Presumably they are looking at moving power management silicon in house as well to consolidate that advantage. At there scale, they will be getting custom silicon from Dialog already, but there's probably some comms/cost benefits to dealing with a department rather than an external company.
Apple starts a relationship with a company, the deal becomes the VAST MAJORITY of the company's revenue, the company wants to get out of the buisness of being an apple supplier, because IF they scale to that size and lose a contract, they have huge cuts to make. So apple comes in, buys a substantial part of the company, and now the company can continue to operate without fear of downsizing. Any downsizing will be apples doing not theirs.
The last consulting firm I worked for had over 70% of their revenue coming from two contracts, and neither contract used any of the tools or philosophies the consulting company claimed to espouse.
Ended up being the case that all the reasons I wanted to work there were just marketing messages and my sense of betrayal soured the relationship.
That the guy in charge of developers left about a year after we parted ways... every time I think about those people I wonder if he knew it was all bullshit or if he just got tired of dealing with attitude from stressed out developers and never understood why they were pushing back.
Assuming you're talking about philosophies that are considered good practice because they lead to more sustainable design practices and smoother development later, I have doubts those ever survive in long-term consulting contracts. The way pressure flows in those scenarios always leads towards emphasizing speed of development. Anything else requires multiple points in the management path both in the local firm and client firm to be willing to forego short term cost for potential long term gains, and if any one of them is out of alignment it causes problems.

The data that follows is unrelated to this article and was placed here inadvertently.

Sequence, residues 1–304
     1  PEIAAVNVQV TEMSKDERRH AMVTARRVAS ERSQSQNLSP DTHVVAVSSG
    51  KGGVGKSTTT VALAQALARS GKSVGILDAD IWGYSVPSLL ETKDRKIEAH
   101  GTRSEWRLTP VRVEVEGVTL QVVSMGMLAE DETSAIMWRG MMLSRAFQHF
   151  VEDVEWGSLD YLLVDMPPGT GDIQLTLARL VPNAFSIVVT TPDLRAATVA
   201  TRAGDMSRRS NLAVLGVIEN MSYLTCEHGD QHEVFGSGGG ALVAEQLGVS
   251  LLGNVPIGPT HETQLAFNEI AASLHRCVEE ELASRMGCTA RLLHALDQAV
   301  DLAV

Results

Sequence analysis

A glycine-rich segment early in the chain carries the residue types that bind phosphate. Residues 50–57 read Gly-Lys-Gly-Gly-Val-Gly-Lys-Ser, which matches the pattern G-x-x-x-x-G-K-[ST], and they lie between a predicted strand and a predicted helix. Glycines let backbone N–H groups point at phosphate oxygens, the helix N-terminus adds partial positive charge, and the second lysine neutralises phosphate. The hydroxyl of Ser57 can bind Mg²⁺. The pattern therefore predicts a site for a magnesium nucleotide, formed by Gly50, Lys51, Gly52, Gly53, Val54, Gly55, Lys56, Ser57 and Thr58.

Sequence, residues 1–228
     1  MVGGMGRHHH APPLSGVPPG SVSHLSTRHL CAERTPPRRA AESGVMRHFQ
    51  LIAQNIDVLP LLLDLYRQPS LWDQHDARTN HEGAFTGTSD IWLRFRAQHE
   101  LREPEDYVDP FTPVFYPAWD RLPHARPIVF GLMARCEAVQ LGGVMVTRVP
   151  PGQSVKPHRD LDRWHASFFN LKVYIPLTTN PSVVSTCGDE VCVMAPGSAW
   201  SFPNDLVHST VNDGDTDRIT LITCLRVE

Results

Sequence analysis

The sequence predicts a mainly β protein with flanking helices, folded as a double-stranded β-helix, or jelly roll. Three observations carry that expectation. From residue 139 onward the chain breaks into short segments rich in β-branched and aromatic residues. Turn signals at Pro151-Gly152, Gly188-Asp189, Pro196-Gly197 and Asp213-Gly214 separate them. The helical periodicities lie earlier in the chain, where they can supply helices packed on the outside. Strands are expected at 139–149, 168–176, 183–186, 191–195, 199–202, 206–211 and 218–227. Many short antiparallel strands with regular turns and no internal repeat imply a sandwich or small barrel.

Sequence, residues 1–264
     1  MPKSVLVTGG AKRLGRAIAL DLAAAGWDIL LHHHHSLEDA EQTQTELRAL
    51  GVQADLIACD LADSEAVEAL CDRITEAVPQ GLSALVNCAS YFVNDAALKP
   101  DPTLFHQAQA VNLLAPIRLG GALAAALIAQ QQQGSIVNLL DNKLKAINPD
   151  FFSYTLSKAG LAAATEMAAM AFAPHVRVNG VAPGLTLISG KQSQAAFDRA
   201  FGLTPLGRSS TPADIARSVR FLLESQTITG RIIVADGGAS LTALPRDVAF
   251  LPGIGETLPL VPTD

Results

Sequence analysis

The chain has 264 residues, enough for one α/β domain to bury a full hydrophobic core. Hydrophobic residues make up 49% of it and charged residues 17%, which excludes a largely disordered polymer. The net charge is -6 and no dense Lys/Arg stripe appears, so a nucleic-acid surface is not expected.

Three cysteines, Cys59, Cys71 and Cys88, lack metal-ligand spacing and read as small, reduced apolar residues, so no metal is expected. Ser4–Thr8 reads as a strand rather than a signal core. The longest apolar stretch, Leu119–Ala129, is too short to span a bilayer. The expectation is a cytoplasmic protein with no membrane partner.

Can Apple afford to spend more per product? There are plenty of other phones in the same price-bracket as the iPhone, and some like the Galaxy S-series phones surely have the volume, to justify a $10–20 increase in SoC cost to get competitive performance.
I expect a larger part of it is there's no justification for Qualcomm to develop such a SoC, because it already gets the sales.
Yeah, Apple has sucked almost all the profit of the Smartphone sector for a long time.
It is just one thing: volume. Their volume is so great and prices so high that they get almost all the profit. Their volume also gives them terrible negotiation power with suppliers, they get the best there it is(like electronics), for cheap. The rest of the companies just fight for the spoils.
Samsung while being the best in the competition, but is is very far from Apple.
I think the fact they're only acquiring the relevant part of the company is a fantastic move. It really shows apple is focused on what they're doing and not just buying their way into markets like Cisco or Intel.
But it's not a bad way to start shipping advanced power electronics like GaN, which dialog has chips for.
> Dialog Semiconductor is the exclusive designer of power management integrated circuits (PMICs) for the Apple iPhone, iPad, and Watch, which made up more than 70% of Dialog’s 2016 sales. Its share value halved from April to December 2017 after private bank Bankhaus Lampe changed its outlook for the company from “hold” to “sell” in the belief Apple would replace Dialog’s PMIC designs with its own...
Take the money, get rid of the sword over your head, and keep working on your smart home tech with your new valuations and nobody yelling Frog and expecting you to jump. There are worse ways to run a medium sized company.